It’s part of the research: Attempts to control the natural in Buffy and Frankenstein

Anna De Vaul

Northeastern State University, Tahlequah OK


Various critics have examined the ways in which Mary Shelley’s Frankenstein (1818) serves as what Gerald Gaylard calls “the classic early example of sf’s critique of the imperialistic hubris of a particular human endeavor to improve upon nature.” Buffy the Vampire Slayer’s Frankenstein-inspired season four, in which military scientists from the secret research organization the Initiative create their own creature, Adam, from the body parts of demons, serves as both a deliberate representation and reinterpretation of the motif and an example of a recurring theme in the Buffyverse of (doomed) scientific attempts to dominate, suppress, control, and, often, destroy the natural/magical. Through examination of the Initiative’s efforts to modify and use the natural/magical (as represented by demons and Slayer) and the interactions between Initiative scientist Maggie Walsh and former Watcher Rupert Giles, this paper discusses the privileging of the natural/magical over the scientific/technological in season four of Buffy as a reflection and extension of the relationship between science and nature in Frankenstein. It also discusses, via the lens of post-colonial theory, the positioning of scientific research and experimentation as an imperialistic force in both novel and series. In doing so, it considers the relationship between imperialist models of science and the evocation and experience of the sublime, arguing that the series engages with theories of a female or gendered sublime as a sublime of undoing. By examining the juxtaposition of the natural/magical and scientific and the association of science with imperialism in book and series, this paper reflects upon the series as a modern reworking of select motifs in Frankenstein.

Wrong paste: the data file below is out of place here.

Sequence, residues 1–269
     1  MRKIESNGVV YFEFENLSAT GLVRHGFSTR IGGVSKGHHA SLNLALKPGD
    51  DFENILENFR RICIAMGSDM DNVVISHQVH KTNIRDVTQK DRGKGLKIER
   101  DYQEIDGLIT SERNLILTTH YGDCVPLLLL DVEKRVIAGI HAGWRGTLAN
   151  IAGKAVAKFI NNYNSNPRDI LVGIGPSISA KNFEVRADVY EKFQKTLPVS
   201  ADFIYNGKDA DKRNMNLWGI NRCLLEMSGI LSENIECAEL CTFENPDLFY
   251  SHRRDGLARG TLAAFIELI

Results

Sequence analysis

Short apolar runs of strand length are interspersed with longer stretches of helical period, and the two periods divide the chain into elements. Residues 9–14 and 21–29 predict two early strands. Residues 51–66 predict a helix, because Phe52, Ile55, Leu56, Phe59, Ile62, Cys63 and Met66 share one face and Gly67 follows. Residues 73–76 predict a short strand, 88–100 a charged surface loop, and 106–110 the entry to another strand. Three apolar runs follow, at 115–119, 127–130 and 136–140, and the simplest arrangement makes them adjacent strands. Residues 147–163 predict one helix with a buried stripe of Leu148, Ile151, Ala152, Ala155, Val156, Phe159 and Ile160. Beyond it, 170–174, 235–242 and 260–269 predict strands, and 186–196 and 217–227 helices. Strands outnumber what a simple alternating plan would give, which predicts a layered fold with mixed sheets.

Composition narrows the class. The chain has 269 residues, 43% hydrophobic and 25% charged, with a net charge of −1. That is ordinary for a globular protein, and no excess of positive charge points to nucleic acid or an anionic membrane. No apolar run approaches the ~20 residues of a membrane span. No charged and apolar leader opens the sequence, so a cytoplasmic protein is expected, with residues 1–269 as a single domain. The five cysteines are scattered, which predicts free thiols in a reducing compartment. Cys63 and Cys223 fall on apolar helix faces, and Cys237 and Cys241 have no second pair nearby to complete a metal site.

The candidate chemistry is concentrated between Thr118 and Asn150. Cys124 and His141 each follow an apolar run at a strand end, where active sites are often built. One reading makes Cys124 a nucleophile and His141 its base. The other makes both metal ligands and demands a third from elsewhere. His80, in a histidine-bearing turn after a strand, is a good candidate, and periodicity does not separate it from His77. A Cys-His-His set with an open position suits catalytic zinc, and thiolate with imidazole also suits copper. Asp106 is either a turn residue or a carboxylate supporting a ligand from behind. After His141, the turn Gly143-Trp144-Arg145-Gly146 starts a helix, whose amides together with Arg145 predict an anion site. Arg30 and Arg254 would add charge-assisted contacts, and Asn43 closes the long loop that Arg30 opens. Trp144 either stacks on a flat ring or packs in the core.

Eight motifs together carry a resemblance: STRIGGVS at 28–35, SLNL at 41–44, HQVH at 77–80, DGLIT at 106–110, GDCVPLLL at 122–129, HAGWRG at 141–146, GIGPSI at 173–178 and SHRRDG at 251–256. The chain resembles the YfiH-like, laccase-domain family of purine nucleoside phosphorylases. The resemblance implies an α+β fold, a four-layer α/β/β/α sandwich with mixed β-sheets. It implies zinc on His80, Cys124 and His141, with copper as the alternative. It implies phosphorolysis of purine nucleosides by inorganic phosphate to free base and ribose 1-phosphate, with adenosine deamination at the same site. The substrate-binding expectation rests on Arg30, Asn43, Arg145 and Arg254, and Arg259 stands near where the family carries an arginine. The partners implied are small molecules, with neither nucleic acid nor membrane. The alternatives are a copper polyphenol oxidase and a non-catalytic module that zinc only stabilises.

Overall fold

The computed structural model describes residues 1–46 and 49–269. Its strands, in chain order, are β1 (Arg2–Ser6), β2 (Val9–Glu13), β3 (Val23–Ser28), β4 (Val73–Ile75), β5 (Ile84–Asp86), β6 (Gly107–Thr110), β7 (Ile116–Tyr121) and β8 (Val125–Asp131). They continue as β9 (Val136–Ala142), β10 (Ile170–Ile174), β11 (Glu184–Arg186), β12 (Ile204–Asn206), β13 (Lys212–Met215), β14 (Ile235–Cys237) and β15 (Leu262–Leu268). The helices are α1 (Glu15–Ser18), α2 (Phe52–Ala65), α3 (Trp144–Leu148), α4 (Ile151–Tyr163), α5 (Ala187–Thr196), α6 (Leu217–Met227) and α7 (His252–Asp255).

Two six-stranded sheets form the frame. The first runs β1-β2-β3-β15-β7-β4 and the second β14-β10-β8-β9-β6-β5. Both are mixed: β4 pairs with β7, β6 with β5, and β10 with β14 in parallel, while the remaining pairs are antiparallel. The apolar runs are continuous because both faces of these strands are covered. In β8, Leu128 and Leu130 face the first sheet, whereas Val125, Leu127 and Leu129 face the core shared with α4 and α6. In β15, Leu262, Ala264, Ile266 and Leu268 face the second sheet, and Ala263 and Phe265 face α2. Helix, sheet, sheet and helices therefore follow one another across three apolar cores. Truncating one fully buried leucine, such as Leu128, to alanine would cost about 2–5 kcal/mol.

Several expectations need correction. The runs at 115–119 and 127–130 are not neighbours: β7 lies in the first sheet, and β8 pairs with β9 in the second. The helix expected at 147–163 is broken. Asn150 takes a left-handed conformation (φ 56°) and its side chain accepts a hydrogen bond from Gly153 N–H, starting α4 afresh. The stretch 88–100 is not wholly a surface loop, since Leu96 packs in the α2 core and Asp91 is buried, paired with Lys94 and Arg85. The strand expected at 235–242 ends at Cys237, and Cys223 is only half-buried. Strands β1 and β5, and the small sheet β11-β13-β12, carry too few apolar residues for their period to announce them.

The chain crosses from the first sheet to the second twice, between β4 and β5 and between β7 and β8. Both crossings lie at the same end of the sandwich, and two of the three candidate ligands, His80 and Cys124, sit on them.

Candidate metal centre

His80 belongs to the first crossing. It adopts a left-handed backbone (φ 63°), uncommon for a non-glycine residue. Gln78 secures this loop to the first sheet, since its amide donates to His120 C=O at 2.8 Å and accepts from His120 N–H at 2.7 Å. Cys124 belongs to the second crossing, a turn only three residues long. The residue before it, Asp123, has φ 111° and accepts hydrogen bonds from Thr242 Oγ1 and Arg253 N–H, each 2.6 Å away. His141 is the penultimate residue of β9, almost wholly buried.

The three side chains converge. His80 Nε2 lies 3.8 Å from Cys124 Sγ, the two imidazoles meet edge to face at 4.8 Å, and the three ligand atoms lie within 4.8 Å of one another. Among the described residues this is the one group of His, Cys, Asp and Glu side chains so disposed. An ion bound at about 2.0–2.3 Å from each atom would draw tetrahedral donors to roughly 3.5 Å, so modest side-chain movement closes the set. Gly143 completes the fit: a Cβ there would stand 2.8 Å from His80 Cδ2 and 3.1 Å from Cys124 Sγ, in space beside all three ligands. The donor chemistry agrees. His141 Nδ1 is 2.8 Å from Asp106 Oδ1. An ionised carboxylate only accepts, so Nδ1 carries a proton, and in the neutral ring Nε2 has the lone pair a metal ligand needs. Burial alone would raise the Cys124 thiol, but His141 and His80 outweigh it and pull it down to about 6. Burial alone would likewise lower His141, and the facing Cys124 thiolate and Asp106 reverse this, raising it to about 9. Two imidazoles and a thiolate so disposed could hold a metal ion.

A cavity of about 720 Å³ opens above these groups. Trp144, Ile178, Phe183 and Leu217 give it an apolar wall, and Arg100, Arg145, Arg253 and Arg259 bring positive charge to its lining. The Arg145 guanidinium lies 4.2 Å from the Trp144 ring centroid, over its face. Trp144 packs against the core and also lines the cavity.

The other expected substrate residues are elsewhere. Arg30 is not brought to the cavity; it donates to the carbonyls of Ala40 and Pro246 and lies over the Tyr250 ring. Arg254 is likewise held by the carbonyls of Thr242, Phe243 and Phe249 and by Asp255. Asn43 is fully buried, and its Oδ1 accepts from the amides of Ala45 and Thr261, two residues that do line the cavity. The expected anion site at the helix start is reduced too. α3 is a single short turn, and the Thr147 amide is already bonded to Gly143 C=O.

Keywords: Buffy, Frankenstein, imperialism, nature, science, sublime, Yaeger

2018 National Conference
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